Beachy Keen: A Q&A with Artist Susan Schmidt
We’ve never been to a beach down under, but thanks to Australian artist Susan Schmidt we really want to visit one and stay a while.
We had the good fortune of meeting Schmidt at the Asia Contemporary Art Show in Hong Kong. Her painting “Red Towel” entranced us, bringing us back to our lazy beach days and longing for more of them. In fact, “Red Towel” is our favorite painting that we’ve seen this year.
Schmidt is certainly one that we’ll watch – and hope to collect. And that’s a high compliment as our preferences lean more towards the pop realm.
What sets Schmidt apart is her use of colour and texture, making still life and architectural works come to life with bright hues, layered strokes and shimmering glaze.
Anyone can pick up a brush. Not everyone can transport you with it.
Without further ado…
The NewsWhistle Q&A with Artist Susan Schmidt
Name: Susan Schmidt
Date of Interview: November 2013
Age (if you want to give it up): Born 1960
Birthplace: South Australia
Current town: Noosa Heads, Queensland, Australia
1. What’s the funniest or saddest thing that’s happened to you this week?
I have been sitting on these interview questions for about 2 weeks now, waiting for something noteworthy enough and hopefully ‘funny’ to happen. Recent events have made me realise that I am lucky to have ‘funny’ around me every day with my best friend, a Staffordshire Bull Terrier named ‘Gus’ who makes me laugh with his infectious, innocent love and lust for life.
2. What’s your favorite movie? And why?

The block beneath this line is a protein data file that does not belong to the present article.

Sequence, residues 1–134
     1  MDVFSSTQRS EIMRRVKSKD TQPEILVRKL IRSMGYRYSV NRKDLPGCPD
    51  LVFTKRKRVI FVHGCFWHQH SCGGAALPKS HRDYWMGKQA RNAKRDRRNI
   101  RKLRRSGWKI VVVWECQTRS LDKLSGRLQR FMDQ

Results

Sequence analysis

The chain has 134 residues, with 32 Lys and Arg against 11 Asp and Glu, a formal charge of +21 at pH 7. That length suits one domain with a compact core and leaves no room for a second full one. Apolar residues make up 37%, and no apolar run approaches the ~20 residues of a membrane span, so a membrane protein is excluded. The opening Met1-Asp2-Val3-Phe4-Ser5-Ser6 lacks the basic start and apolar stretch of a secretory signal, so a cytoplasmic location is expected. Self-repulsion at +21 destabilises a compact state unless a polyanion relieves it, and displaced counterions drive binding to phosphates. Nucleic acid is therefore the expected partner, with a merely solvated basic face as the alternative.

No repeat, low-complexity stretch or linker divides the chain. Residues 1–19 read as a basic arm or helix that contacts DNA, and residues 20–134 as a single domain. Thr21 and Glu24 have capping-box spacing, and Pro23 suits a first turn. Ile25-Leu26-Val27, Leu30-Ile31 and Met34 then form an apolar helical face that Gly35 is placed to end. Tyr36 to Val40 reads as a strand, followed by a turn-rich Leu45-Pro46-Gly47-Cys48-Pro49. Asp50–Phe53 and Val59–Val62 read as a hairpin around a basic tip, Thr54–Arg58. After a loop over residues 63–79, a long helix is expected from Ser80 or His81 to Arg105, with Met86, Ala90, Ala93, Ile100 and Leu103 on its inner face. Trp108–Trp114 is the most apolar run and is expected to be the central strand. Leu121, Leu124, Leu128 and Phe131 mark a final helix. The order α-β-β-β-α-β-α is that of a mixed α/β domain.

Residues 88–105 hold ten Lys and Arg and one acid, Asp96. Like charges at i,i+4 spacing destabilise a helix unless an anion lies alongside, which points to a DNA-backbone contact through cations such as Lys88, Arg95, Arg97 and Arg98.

Titanic would have to be one of my favourite movies. It’s very sad and I cry every time I watch it but I love the romance, drama, lavish costumes and set design and the mystery surrounding the real life story. Kate Winslet and Leonardo DiCaprio are great together.
3. What’s the biggest risk you took in life?
Following my heart and becoming an artist. The first decision led to thirteen years freelancing as an illustrator /designer in the advertising industry and the second decision to give up that security to paint and raise a family led to my current practice as a professional fine artist.
Hong Kong Hibiscus 1
4. If you could go back in time and do one thing over, what would that be?
I wouldn’t change anything.
5. Tell us your favorite joke:
Why is 6 afraid of 7? Because 7 8 9 .
6. What’s something that most people don’t know about you?
My best friend is a dog.
7. What’s the best piece of advice you’ve ever heard?
What goes around comes around, the concept of ‘karma’, cause and effect, action and reaction.
8. Who’s your favorite celebrity? And why?
Other artists whose work I admire are my celebrities. My list of favourite artists and artworks keeps extending and changing, however, Vincent van Gogh has always remained up there. I admire his passion, belief in himself and the honesty of his art under the most discouraging circumstances. He is a pioneer who has paved the way for the rest of us.
9. What’s your strangest phobia or superstition?
I’m very careful what I wish for.
10. Last, but not least, is there anything you want to pitch, promote or discuss?
My website, www.susanschmidtart.com.
11. And a bonus curve question . . . Can you tell us more about the “Red Towel” painting? How did it come about? Where did you get your inspiration? How long did it take to produce? We’re really big fans of the piece.
“Red Towel” is a painting from my “Seaburbia” series. This series (that I have been focusing on for 4 years) is inspired by the iconic Australian beach house. It explores the cultural memory and heritage of the beachfront homes of Australia. These houses are disappearing due to development and increased land values however the “Red Towel” house for the moment has survived. Hand painted on the front of the building are the words ‘Coolum Board Room’ as the location of the house is Coolum Beach and the current tenant a surfer and board repairer. The work is painted in mixed media from my own photographs; texture, layering and glazing create a sense of history and nostalgia. This house and the simple life that it represents can be loved again as a contemporary recording on canvas.